Gerry Fenn never met a story he didn’t lie.
That’s no typo. Fenn, a one-time big-city newsman, was drummed out of the business for fabricating stories. For him, staying in the spotlight was more important than telling the truth. But the lies caught up with him, and he lost his spotlight anyway. Now he works for a website of questionable authority, writing stories of dubious importance. And he hasn’t learned his lesson yet.
His latest assignment: cattle mutilations in Banfield! Exciting, right? But when Fenn drives up to this quiet Massachusetts town, he discovers the “cattle” is one solitary cow and the “mutilation” is a Metallica symbol on the bovine’s rump, stuck there by the rancher’s 15-year-old son. Not exactly front-page news.
But Fenn does spot a creepy little doll nestled in a dead tree nearby. Even creepier: The doll’s tied up with a little doll chain that also holds a doll-size plaque bearing a date: Feb. 31, 1845.
The reporter doesn’t contemplate this doll or its impossible date for long. He’s got a story to sensationalize, after all. So he smashes the doll and tells the local rancher to pretend he found it. Fenn can see the headlines now: Doll Unleashes Evil Cattle Mutilations in Banfield! He’ll worry about concocting actual cattle mutilations later.
But over the next few days, Fenn will come across a real story. He’ll meet young Alice along the road that very evening and watch her say a prayer by that dead oak tree—say a prayer, even though she’s been deaf pretty much her whole life. The next morning, he’ll watch her walk to that same tree, turn around and speak to a throng of churchgoers—announcing that she’s been healed by the Blessed Virgin Mary.
And Fenn will eventually have much reason to wonder as to just who this Mary is. Is it truly Mary, the mother of Jesus, who’s using Alice as a conduit for divine miracles? Or might this unseen Mary derive her powers from more diabolical sources?
The cows are just fine, thanks. But did the doll release evil? Maybe Fenn’s imagined headline is half right.
Alice is sort of like a Typhoid Mary of evil: She may be a carrier, but she doesn’t intend to be. In fact, she thinks that her own cure, and the miraculous healings she’s able to give others, are truly a gift from God. She’s very sincere about her desire to help people.
We meet a couple of do-gooding priests, too. Father Hagen has served as Alice’s guardian for most of her life, and he’s naturally thrilled when she gets her hearing back. But he’s also wary of the events surrounding that seeming miracle.
Monsignor Delgarde is equally suspicious. It’s his job. As one of the Catholic church’s modern-day inquisitors, he’s sent to Banfield to investigate these happenings and do his best to debunk them: He’s after the truth, not some fabricated miracle, and that’s a good thing. And when Delgarde finds something that is neither fraud nor miraculous, he shows considerable courage in facing the evil he discovers.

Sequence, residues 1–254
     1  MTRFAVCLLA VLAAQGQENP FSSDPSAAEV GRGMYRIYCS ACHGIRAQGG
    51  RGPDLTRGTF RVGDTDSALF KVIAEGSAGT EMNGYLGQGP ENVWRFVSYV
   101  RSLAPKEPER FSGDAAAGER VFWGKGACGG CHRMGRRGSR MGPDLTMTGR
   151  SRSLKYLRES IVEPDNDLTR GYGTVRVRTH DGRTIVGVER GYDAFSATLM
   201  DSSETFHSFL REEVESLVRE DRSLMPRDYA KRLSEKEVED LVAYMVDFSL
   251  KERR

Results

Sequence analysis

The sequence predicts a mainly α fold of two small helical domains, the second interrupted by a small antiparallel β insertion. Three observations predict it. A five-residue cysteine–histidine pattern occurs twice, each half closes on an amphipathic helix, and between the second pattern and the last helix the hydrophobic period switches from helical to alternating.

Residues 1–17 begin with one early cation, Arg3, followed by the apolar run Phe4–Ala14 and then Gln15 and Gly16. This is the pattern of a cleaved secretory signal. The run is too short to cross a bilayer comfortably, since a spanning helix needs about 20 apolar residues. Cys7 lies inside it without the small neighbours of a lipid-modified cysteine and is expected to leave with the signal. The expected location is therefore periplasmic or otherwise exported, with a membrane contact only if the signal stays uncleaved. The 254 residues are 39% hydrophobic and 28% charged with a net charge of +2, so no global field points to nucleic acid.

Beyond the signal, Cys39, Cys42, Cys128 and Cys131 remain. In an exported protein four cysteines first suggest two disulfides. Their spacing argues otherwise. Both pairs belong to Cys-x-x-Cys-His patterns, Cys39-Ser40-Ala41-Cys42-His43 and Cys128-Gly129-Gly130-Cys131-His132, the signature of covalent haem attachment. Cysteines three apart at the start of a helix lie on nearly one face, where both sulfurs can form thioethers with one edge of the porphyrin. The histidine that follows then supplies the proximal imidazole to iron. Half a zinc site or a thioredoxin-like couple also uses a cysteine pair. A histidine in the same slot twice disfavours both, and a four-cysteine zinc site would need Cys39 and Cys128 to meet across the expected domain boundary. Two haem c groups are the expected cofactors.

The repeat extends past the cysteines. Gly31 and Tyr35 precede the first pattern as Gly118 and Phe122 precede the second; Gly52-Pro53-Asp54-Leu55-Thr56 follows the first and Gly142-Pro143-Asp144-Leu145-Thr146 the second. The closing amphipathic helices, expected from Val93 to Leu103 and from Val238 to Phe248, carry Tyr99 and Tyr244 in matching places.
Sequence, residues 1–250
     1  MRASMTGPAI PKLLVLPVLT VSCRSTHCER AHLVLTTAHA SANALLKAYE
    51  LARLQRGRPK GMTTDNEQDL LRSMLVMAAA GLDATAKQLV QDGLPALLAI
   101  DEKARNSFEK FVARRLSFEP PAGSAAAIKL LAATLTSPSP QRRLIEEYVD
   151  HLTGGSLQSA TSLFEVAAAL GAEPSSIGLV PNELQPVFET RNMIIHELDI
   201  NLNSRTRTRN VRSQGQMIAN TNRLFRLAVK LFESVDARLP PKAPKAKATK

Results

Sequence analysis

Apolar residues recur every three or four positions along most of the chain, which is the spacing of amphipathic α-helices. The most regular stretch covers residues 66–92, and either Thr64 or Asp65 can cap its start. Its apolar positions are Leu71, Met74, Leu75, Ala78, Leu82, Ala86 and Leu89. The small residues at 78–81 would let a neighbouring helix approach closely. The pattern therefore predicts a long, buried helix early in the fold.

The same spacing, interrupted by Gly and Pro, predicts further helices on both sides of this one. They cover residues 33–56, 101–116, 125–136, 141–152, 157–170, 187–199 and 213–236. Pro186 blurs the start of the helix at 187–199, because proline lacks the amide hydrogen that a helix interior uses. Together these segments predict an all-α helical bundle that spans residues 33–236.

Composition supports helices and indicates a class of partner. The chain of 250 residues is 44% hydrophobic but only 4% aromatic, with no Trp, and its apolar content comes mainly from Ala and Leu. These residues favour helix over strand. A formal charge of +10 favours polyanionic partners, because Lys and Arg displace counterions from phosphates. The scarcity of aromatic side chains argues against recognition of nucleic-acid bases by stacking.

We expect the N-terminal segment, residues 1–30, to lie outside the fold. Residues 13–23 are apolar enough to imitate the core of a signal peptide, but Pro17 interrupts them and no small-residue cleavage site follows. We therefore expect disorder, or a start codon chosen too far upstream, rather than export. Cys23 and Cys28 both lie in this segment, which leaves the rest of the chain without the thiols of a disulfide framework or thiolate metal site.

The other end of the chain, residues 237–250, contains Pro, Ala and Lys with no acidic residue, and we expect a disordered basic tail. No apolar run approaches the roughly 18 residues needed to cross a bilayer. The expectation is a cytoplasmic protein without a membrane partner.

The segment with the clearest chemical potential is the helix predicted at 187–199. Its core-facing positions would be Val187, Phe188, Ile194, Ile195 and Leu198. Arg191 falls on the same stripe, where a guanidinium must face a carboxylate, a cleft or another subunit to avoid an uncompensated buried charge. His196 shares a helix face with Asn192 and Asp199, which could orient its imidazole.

In contrast, Fenn is not a particularly great person. But he gets better as the movie goes along. And you could make the case that he winds up making a sacrificial act to save many, many others.
[Note: Spoilers are contained in this entire section.] The movie kicks off with an apparent miracle and ends with a Bible verse (Matthew 7:15, “Beware of false prophets, who come to you in sheep’s clothing but inwardly are ravenous wolves”). And in between, you’ll find more spiritual content than in many a Christian movie. However, the results are a bit mixed.
The evil we find here definitely draws its power from a diabolical source: The “Mary” we meet was not the Mother Mary, but an 18th-century witch who was granted the power by the devil to grant apparent miracles. (She says as much while literally in a confessional booth.) She masquerades as the other, better Mary to lead people astray and claim their souls for hell. This, by the way, is pretty interesting: Not many secular films today concern themselves with the state of one’s soul in the next life. But this one does.
The story also talks about how faith and religion can be corrupted in this life, too: Alice heals a few people and quickly becomes a celebrity—complete with merchandise that includes the cringeworthy hashtag #AliceSaves. One Catholic leader is all too willing to accept Alice’s miracles for the sake of re-energizing the Church, too—covering up more problematic aspects of the story and pushing forward a secretly unholy service that, if Mary has her way, will damn plenty of people.
These spiritual messages come freighted with some other bad theology, too, especially the idea that this infernal lie can be combatted with a lie of its own. (We don’t have a lot of space to unpack that statement here, but I talk about that more in-depth elsewhere.)
And that’s not the only disturbing element we see. Statues of Mary and other saints weep blood. A massive crucifix bursts into flames (along with many, many smaller ones, too). Words appear to melt off the pages of a Bible. A priest discovers something that looks to a notebook filled with pictures of demonic-looking entities, one of which seems to be performing some sort of priestly role. “Miracles” with an unholy source are performed and officially sanctified. In a flashback, we see someone pray/curse Mary before her execution, and they permanently stick an image of the mother Mary over her face.